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There are several reasons the Philippines is recognized as the “Call Center Capital of the World”. The country has top-notch talent, low costs of living, and a supportive infrastructure for business, the nation has become a top destination for those looking to invest in outsourcing.  

If you are one of the many keen on exploring the BPO industry in the country and have asked, “How to start a call center in the Philippines?” If so, you’ve come to the right place. 

This guide aims to show you how to create your own call center business in the Philippines: from securing permits to finding an office space for rent and hiring employees.

How to Start a Call Center in the Philippines call center agent asian
Photo by Mikhail Nilov 

Create a business plan 

Deciding to start a call center in the Philippines would take several steps and the first step is to create a business plan which would help anchor your business operations. 

Having a plan in place helps map out your company model, expenditure needs, investment scales, target market, charging scheme, and other operational details.  

Remember to include in your plan:  

• The setup for your call center in the Philippines (An on-site call center vs. A virtual one)
• What your call center would focus on (Outbound Calls vs. Inbound Calls)
• What industries you will be servicing (Financial institutions, E-commerce, Medical billing, etc.)

Prepare your budget 

Next, it’s important to ensure you have enough budget to finance your call center’s operations. 

A good ballpark figure is to start with at least ₱500,000 – ₱800,000 or roughly $10,000 – $15,000. This money will cover initial expenses such as licensing fees, equipment purchases (phone systems, computers, etc.), furniture, and office supplies. You’ll also need operating capital for salaries for employees who will be working at your new call center in the Philippines. 

Of course, the amount will depend on the size of your company and the services you will be offering, which would then determine the type of systems and tools you will be needing, among others. 

Here are some more ways to use this amount: 

Find a strategic location for your call center office 

When finding the perfect place, the old real estate adage still rings true: It’s all about location, location, location. To get your money’s worth and to ensure you’re creating a great workplace for your employees, ideally, your call center should be within reach of major transportation hubs in the country — best if it’s within a 30-minute drive from the airport so you could easily travel to and from the US.  

Take note also of the surroundings of the prospective location: is it near a mall or a commercial area? This would make for an ideal location as your employees can buy things they need, like food and other essentials.  

You’ll also want to find an area with plenty of residential housing options so you can hire local talent who live nearby — they might even have family members who could join your team. 

Another crucial element to look at in a potential location is the IT infrastructure. Make sure the office space is big enough for your employees and has good internet and telecommunications connectivity. This way, you won’t have difficulty setting up your computers, network, telephones, data centers, and security systems. Also, make sure that the office space has all the utilities you need to run your operations smoothly, such as electricity, plumbing, etc. See if there’s still a lot of installation work to be done or if the space is ready to move in.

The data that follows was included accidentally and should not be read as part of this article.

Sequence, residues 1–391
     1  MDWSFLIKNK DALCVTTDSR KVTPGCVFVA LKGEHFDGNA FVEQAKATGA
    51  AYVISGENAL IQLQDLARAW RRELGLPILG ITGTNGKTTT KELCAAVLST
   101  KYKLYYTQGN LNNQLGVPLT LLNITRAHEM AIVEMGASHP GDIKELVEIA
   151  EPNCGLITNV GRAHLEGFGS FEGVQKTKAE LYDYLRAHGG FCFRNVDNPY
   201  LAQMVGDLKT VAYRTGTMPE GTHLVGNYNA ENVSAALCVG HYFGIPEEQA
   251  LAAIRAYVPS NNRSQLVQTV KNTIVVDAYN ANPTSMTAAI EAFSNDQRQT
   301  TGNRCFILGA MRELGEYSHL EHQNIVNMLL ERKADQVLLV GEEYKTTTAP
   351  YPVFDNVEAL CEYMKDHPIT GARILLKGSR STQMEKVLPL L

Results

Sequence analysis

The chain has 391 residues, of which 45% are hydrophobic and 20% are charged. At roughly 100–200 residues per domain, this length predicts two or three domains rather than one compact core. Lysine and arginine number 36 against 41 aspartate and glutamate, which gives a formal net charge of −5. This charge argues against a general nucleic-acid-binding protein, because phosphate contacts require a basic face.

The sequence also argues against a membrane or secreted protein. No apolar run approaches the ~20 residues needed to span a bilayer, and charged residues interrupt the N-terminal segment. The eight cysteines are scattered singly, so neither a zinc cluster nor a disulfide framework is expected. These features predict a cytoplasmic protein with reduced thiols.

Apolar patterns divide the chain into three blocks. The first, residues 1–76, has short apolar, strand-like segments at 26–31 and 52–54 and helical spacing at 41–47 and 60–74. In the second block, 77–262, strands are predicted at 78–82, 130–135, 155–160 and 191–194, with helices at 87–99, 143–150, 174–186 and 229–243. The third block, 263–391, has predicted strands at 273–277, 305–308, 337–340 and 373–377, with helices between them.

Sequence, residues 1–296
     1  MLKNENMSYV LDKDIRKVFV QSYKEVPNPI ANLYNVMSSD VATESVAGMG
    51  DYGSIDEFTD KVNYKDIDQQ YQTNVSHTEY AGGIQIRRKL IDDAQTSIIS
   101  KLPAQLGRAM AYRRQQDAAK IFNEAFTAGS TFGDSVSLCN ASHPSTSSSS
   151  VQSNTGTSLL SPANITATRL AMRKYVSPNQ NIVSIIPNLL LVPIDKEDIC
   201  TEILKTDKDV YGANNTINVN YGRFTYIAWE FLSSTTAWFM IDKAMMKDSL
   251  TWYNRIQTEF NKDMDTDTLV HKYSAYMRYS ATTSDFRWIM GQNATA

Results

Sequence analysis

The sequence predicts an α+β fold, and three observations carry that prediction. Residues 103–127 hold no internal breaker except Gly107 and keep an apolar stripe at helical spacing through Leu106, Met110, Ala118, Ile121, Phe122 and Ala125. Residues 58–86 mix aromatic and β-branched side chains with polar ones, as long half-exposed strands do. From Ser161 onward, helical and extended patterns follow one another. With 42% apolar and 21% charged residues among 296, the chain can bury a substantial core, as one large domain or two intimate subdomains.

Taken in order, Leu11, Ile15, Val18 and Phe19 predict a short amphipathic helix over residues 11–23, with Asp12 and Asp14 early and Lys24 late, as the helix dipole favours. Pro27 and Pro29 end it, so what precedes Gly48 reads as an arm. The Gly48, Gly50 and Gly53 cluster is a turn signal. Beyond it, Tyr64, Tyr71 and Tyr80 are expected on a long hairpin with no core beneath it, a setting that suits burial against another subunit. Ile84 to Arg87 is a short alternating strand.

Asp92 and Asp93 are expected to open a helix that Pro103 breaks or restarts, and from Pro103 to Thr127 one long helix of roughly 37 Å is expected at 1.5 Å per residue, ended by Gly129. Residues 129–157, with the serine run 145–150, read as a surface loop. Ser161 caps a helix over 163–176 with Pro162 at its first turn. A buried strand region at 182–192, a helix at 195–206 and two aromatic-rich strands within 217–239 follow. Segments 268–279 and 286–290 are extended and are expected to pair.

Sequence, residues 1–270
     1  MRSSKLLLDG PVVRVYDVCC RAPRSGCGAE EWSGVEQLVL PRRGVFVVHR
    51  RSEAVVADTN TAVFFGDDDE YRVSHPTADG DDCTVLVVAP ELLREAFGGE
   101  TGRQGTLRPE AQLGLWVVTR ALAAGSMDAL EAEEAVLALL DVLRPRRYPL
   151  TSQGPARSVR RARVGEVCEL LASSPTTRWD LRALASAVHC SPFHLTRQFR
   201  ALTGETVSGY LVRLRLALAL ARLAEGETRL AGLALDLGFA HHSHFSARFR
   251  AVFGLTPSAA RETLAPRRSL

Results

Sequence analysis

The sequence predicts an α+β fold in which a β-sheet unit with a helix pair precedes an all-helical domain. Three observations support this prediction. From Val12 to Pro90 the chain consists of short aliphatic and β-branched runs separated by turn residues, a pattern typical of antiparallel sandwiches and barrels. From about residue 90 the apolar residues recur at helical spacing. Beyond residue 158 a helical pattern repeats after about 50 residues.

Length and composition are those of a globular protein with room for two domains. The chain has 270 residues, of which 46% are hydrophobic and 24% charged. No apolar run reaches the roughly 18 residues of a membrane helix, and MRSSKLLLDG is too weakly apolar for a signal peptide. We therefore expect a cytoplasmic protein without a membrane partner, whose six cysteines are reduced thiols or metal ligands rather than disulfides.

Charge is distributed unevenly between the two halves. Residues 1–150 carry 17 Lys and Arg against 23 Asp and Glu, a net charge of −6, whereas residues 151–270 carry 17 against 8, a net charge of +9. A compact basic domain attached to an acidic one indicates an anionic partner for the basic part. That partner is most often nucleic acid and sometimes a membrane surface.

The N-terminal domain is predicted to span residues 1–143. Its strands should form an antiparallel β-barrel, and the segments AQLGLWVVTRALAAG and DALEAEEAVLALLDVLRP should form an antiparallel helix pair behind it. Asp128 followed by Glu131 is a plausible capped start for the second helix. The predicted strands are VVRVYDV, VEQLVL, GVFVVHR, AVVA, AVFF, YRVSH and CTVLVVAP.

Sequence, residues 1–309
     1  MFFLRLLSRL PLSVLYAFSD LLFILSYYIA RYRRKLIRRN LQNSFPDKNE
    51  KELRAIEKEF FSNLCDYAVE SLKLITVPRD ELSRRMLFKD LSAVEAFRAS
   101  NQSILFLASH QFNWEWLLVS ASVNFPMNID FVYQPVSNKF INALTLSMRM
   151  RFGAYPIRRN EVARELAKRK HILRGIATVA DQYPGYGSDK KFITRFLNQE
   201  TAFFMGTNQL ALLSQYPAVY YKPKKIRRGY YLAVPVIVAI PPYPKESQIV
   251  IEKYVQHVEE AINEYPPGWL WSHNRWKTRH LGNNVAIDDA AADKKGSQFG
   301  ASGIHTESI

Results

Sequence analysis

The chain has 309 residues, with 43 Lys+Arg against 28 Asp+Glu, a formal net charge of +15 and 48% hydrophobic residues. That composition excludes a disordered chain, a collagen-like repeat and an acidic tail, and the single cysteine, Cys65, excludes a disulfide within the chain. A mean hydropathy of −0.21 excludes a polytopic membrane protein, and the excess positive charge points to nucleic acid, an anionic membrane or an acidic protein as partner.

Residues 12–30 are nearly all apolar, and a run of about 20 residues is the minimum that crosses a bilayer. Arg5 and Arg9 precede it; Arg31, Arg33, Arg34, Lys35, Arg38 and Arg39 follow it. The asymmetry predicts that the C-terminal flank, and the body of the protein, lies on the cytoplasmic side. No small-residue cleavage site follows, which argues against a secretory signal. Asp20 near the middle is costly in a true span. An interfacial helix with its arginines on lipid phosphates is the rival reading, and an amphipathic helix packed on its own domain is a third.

A look at PEZA Special Economic Zones 

In the Philippines, PEZA Special Economic Zones are areas around the country designated by law — the Republic Act (RA) No. 7916 known as the Special Economic Zone Act of 1995 — to foster economic growth and industries.  

The Philippine Economic Zone Authority or PEZA is an agency attached to the Department of Trade and Industry tasked with promoting business investments, providing assistance, granting incentives, and facilitating the operations of investors in PEZA Special Economic Zones or ecozones. 

These ecozones are spread out across the nation in locations chosen to boost the economic activity in the area. Within the National Capital Region are several prominent ecozones that are known for being business and commercial centers, some of them listed here: 

  • Rockwell Business Center in Makati City 
  • UP-Ayala Technohub in Quezon City 
  •  Eastwood City CyberPark in Quezon City 
  •  Strata 100 in Pasig City 

Outside of Metro Manila, there are many more designated ecozones to choose from, including: 

  • Carmelray International Business Park in Calamba City, Laguna 
  • Golden Mile Business Park in Carmona, Cavite 
  •  Matina IT Park in Davao City 
  •  Clark Freeport and Special Economic Zone in Tarlac and Pampanga 
  •  San Carlos Ecozone in San Carlos City, Negros Occidental 

Other industries that may apply under the PEZA include those involved in tourism (including medical tourism), agro-industrial businesses, logistics and warehousing services, and utility companies. 

To qualify for the program, a business entity must comply with the requirements from PEZA which vary depending on the applicant’s industry. For those engaged in IT-BPO services, these are the requirements they need to submit for approval: 

• A duly accomplished application form (notarized)
• Your company’s corporate profile (including that of the parent company, if applicable) which should include: